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PID motor controller with load compensation.

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Joined: 2 years ago
Posts: 8
Topic starter  

I have a small N20 DC motor (1:50 ratio) with Encoder that I have successfully setup with a PID controller. With the controller I am able to set a specific RPM and reach that target reliably. The motor is on a test stand and free spinning without any load.  However if I try apply a load (like try to stop the motor with my hands ) while the motor is running I would expect the PID controller to take over and try to add more power to the motor to maintain RPM but I dont feel  this is happening. There really isnt much of a difference compared to when the PID is not active. Isn't that the whole point of the PID? The rated peak RPM of the motor is 200RPM. My setpoint is 150 RPM.  Is there some part of this im missing. Do I need to factor in current draw somehow in my PID ?

I am using the arduino PID library here:

motor: (1:50 ratio)

Power: 6.2vdc (4x AA batteries)



Joined: 2 years ago
Posts: 8
Topic starter  

Im wondering if the motor driver is a bit weak and just cant deliver the power to the motor that the PWM is demanding since it can only output 1.2A continuous. 


I have one of these that i have not tried. Can deliver 1.5A peak. Wondering if that could help?  

Father of a miniature Wookie
Joined: 4 years ago
Posts: 7399

@anupamd Wiring diagrams?, sketch?. We aren't mind readers.

First computer 1959. Retired from my own computer company 2004.
Hardware - Expert in 1401, and 360, fairly knowledge in PC plus numerous MPU's and MCU's
Major Languages - Machine language, 360 Macro Assembler, Intel Assembler, PL/I and PL1, Pascal, Basic, C plus numerous job control and scripting languages.
My personal scorecard is now 1 PC hardware fix (circa 1982), 1 open source fix (at age 82), and 2 zero day bugs in a major OS.

Joined: 3 years ago
Posts: 2552


From the small amount of information you've supplied, it sounds like the most probable cause is a wimpy motor. You may need to gear down farther or buy a better motor.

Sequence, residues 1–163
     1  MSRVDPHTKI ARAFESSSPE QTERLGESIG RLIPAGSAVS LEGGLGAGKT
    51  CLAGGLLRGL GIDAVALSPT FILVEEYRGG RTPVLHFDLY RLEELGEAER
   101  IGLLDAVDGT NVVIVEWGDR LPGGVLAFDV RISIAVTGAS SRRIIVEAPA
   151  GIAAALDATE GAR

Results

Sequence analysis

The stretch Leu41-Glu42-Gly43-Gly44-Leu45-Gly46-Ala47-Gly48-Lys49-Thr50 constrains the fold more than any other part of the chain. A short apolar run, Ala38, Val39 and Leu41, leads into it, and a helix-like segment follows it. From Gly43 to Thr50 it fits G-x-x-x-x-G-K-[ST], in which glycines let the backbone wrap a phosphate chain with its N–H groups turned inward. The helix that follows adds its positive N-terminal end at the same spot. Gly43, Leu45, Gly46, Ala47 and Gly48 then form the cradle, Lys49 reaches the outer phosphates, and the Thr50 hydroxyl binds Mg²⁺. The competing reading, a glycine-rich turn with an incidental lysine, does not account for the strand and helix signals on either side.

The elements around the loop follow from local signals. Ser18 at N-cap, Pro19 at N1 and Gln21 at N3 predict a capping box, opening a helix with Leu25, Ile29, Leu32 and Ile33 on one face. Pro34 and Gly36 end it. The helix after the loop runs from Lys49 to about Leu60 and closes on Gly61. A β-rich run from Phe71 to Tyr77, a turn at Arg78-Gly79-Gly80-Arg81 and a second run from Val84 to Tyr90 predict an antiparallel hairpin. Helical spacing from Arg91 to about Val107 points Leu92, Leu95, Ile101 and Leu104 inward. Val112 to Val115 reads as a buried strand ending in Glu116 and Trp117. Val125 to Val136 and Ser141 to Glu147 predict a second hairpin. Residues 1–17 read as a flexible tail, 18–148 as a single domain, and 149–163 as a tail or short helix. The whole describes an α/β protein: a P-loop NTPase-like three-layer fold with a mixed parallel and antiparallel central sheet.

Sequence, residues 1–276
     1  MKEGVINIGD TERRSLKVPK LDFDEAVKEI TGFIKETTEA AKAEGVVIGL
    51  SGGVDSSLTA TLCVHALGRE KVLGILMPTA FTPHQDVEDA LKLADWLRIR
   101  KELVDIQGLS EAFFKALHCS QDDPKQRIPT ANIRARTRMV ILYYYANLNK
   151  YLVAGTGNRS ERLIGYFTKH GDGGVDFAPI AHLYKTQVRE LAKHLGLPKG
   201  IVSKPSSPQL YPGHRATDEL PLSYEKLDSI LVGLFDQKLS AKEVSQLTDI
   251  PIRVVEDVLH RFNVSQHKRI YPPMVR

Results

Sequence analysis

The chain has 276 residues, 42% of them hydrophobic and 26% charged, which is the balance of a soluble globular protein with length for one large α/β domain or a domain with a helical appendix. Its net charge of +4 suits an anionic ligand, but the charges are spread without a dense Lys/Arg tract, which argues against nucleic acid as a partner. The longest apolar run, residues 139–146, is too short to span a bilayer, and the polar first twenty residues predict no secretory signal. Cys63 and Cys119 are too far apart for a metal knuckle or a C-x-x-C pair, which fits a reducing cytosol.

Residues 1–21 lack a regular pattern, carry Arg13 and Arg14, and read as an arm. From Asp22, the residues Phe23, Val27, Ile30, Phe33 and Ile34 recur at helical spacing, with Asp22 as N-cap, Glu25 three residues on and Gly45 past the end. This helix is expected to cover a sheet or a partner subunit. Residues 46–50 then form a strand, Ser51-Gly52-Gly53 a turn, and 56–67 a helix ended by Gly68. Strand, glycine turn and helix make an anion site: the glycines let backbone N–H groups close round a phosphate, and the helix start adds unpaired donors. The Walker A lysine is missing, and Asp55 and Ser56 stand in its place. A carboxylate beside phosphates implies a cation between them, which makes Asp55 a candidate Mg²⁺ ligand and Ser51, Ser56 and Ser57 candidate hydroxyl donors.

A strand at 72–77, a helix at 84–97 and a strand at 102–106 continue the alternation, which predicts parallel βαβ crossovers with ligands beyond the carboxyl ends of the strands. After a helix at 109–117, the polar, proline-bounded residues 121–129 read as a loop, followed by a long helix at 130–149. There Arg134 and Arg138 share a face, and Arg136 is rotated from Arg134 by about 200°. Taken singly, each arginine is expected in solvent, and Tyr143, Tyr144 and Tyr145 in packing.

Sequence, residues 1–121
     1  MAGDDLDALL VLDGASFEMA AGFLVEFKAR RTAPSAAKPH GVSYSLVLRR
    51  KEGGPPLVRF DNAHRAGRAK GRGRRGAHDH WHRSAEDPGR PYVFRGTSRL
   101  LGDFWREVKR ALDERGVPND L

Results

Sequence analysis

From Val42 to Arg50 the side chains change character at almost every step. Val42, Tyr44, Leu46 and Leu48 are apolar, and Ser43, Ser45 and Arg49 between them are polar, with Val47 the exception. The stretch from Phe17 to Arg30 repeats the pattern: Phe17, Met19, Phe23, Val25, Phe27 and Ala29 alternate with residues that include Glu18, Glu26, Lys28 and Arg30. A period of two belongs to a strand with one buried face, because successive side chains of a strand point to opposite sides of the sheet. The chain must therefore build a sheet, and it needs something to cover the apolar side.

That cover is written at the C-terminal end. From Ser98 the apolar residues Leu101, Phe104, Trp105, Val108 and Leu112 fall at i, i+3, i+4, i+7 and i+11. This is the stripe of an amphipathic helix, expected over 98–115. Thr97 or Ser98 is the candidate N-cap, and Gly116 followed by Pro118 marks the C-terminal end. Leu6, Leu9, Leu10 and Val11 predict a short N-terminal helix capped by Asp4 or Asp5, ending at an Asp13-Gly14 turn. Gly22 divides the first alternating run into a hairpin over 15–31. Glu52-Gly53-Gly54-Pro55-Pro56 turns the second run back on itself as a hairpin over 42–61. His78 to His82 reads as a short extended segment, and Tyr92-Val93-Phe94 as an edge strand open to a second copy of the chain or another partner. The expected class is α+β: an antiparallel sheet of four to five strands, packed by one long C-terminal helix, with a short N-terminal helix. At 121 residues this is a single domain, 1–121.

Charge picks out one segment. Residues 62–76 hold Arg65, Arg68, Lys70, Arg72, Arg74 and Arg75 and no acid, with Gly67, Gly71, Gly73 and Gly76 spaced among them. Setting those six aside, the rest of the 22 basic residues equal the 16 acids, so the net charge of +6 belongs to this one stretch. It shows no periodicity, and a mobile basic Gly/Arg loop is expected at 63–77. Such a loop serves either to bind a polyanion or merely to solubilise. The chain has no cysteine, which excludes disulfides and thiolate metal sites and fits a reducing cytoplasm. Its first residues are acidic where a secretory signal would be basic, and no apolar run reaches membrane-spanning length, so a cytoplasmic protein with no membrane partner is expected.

Anything seems possible when you don't know what you're talking about.

Joined: 2 years ago
Posts: 8
Topic starter  

oops sorry here is the source. The PID controller is derived from this tutorial with the exception that I am smoothing the encoder readings with a Kalman filter. 


#include <SimpleKalmanFilter.h>

// Pins
#define ENCA 12 // motor encoder 1
#define ENCB 14 // motor encoder 2
#define PWM 2   // pwm
#define IN1 16  //in 1
#define IN2 15  //in 2

// global
long prevT = 0;

// use volatile inside interrupts 
volatile int pos_i = 0;
volatile long prevT_i = 0;
volatile float velocity_i = 0;

float eintegral = 0;

 SimpleKalmanFilter(e_mea, e_est, q);
 e_mea: Measurement Uncertainty 
 e_est: Estimation Uncertainty 
 q: Process Noise
SimpleKalmanFilter simpleKalmanFilter(2, 2, 0.025);

void ICACHE_RAM_ATTR readEncoder(){
  int b = digitalRead(ENCB);
  int increment = 0;
    increment = 1;
  else {
    increment = -1;
  pos_i = pos_i+increment;

  long currT = micros();
  float deltaT = ((float)(currT-prevT_i)) / 1.0e6;
  velocity_i = increment/deltaT;
  prevT_i = currT;

void setup() {
  // put your setup code here, to run once:
  pinMode(IN1, OUTPUT);
  // this is only ever used to activate phase-enable mode on the drv8835

  attachInterrupt(digitalPinToInterrupt(ENCA), readEncoder, RISING);

void setMotor(int dir, int pwmVal, int pwm, int in1){